Irish Millionaire Seeks Even More From Surging Junk Bond Marketby and
Ardagh's corporate bond sale to price Friday now $4.5 billion
Sale will test investor appetite for risky corporate debt
One of Ireland’s richest men is returning to the junk bond market as risky debt comes back into vogue for investors.
Ardagh Group SA Chairman Paul Coulson, known locally as “The Cooler,” is seeking to raise $4.5 billion in euros and dollars to help turn the glass and metal packaging company into the world’s third-largest producer of drinks cans. The deal may price on Friday and was increased from an original target of $2.9 billion, according to a person familiar with the matter. It would follow sales by companies including Peugeot carmaker PSA Group, Fiat Chrysler and EDP Energias de Portugal SA.
Junk bonds posted the best returns since 2012 in March after the European Central Bank laid out plans to start buying corporate debt as part of its quantitative-easing program. While the ECB will only purchase investment-grade securities, it spurred a rally in the high-yield market as investors get increasingly desperate to make money.
“We have seen a rapid turnaround in the market,” said Martin Chamberlain, a senior analyst at Moody’s Investors Service. “A bond launch may not have been so easy a few months ago.”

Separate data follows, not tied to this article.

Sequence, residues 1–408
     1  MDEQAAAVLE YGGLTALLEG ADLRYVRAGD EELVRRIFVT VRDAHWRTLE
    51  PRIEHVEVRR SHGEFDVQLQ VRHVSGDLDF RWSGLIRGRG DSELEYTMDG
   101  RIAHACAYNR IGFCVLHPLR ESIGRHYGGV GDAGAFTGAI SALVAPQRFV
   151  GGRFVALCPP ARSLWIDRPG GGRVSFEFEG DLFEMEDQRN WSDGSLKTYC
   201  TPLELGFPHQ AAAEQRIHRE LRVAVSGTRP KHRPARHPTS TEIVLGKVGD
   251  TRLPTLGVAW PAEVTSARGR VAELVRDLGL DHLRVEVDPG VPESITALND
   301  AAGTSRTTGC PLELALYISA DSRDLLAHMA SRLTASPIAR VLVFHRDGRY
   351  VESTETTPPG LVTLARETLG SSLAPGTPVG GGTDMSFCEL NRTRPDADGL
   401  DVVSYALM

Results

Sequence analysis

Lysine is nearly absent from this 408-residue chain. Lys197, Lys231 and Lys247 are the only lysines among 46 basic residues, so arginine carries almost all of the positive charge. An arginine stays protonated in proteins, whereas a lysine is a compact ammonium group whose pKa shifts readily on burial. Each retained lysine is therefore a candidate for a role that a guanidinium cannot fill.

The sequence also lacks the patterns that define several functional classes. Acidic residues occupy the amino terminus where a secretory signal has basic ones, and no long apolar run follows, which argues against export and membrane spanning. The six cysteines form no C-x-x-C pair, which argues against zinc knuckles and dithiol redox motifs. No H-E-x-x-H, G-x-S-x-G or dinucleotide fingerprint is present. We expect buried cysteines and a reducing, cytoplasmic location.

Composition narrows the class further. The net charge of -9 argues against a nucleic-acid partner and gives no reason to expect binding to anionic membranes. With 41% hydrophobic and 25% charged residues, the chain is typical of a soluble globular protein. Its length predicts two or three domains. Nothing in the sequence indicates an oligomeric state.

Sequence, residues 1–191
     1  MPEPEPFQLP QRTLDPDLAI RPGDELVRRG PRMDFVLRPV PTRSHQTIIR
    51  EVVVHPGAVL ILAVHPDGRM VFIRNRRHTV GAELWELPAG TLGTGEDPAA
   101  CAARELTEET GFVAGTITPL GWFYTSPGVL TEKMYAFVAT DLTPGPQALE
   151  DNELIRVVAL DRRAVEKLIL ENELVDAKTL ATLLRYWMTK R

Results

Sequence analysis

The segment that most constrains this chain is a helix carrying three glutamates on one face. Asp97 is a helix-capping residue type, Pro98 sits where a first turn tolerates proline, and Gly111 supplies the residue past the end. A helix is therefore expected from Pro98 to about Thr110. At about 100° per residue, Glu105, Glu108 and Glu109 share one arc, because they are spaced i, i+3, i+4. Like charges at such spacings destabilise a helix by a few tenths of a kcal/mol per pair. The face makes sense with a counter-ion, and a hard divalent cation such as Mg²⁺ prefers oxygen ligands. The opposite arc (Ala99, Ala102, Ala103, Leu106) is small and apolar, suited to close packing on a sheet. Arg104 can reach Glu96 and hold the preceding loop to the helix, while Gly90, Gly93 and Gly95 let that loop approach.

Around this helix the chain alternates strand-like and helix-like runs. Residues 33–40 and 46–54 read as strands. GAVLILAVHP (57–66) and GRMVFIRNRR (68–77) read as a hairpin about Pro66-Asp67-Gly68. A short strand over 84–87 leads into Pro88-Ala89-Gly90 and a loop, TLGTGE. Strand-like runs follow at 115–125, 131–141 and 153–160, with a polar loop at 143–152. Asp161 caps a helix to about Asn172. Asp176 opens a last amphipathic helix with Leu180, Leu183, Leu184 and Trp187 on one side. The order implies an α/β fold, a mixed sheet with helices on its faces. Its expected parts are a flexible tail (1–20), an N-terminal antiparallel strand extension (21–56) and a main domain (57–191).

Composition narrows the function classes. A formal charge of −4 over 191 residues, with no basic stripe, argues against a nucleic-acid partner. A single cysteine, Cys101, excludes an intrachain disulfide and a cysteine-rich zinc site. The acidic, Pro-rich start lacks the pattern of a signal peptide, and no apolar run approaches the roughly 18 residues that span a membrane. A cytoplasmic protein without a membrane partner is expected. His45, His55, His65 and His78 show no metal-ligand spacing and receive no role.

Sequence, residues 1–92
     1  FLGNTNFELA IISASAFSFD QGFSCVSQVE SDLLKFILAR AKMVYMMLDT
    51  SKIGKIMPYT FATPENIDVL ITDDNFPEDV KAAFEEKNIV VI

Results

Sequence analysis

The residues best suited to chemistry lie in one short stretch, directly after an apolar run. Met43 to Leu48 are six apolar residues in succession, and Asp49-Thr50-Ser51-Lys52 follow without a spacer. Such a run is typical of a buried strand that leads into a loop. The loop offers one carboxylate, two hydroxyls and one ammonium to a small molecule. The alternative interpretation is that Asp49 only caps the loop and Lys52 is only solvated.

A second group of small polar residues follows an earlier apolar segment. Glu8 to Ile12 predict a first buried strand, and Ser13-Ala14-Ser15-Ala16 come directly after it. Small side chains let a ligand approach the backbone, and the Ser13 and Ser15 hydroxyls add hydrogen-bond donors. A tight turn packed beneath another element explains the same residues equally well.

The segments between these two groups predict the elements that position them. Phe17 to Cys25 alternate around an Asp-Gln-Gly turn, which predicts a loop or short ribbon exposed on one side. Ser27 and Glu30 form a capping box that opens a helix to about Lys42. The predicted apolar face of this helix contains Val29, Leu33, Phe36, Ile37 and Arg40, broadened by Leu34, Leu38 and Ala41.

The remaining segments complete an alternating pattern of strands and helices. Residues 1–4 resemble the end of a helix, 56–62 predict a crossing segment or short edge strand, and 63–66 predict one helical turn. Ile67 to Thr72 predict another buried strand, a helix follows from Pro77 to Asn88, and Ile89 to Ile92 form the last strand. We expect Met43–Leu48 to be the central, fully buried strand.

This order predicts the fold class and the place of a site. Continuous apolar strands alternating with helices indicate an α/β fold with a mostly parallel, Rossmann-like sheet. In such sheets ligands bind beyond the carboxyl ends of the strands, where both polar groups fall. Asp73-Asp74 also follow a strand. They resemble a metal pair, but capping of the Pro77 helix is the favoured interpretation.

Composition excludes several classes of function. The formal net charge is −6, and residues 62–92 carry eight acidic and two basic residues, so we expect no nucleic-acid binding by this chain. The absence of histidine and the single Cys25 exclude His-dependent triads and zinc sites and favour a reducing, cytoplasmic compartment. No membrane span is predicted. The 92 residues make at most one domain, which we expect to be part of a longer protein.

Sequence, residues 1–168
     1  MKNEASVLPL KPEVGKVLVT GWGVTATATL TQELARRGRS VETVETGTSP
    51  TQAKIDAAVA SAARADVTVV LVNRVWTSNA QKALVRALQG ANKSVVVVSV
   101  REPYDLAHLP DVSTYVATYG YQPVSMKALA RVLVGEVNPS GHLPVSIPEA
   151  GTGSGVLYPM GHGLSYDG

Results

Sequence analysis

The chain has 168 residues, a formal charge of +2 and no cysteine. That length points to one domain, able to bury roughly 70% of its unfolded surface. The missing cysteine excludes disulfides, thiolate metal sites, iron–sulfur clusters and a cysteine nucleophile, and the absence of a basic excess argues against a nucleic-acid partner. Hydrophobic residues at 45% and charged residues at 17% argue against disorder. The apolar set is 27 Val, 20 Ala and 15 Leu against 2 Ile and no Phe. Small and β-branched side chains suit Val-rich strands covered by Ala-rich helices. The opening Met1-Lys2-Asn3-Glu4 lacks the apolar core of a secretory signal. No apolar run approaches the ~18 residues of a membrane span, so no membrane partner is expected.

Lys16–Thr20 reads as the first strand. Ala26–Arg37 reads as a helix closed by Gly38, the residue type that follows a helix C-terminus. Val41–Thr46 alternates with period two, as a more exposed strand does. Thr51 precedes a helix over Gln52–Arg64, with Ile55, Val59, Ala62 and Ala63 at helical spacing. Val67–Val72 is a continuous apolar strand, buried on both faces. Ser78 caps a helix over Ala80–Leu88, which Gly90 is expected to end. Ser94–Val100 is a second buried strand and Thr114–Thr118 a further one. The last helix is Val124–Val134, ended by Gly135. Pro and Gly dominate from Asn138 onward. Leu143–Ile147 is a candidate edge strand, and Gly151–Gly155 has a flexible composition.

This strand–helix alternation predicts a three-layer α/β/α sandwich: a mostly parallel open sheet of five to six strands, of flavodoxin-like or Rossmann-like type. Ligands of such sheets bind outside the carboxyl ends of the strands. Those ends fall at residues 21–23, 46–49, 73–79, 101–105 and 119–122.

The average yield on junk notes in euros fell to 4.74 percent on April 22, the lowest since July, from an almost four-year high of 6.55 percent on Jan. 20, according to Bank of America Merrill Lynch index data.
Borrowing to Build
Since taking over the company in the late 1990s, Coulson, 64, used debt to build Ardagh into the largest glass-container maker in northern Europe and second-largest in the U.S. The latest sale of five different bonds -- increased to $3.15 billion of dollar notes and about 1.2 billion euros ($1.35 billion) of euro notes -- will help pay for 22 factories in Europe, the U.S., and Brazil.
The drop in borrowing costs will also encourage Ardagh to refinance some of its high-yield debt, Coulson told analysts last week. Moody’s upgraded the company’s credit rating to B2 from B3 after the latest transaction was announced.
Coulson acknowledges the need to reduce debt, which will rise to 7.7 billion euros after the bond sale. He told analysts last week the company is “actively exploring public and private equity alternatives.” Last year, Ardagh pulled a planned share sale of its metal-containers unit, citing “challenging” conditions for initial public offerings. The improved appetite among debt investors gives Coulson space to breath.
“If the reception for this deal is good, they might favorably weigh the economics of calling some of the high-cost bonds,” said Jayanth Kandalam, a senior credit analyst at Lucror Analytics Pte. in Singapore. “But I will be conservative and not expect an IPO in the next 12 months.”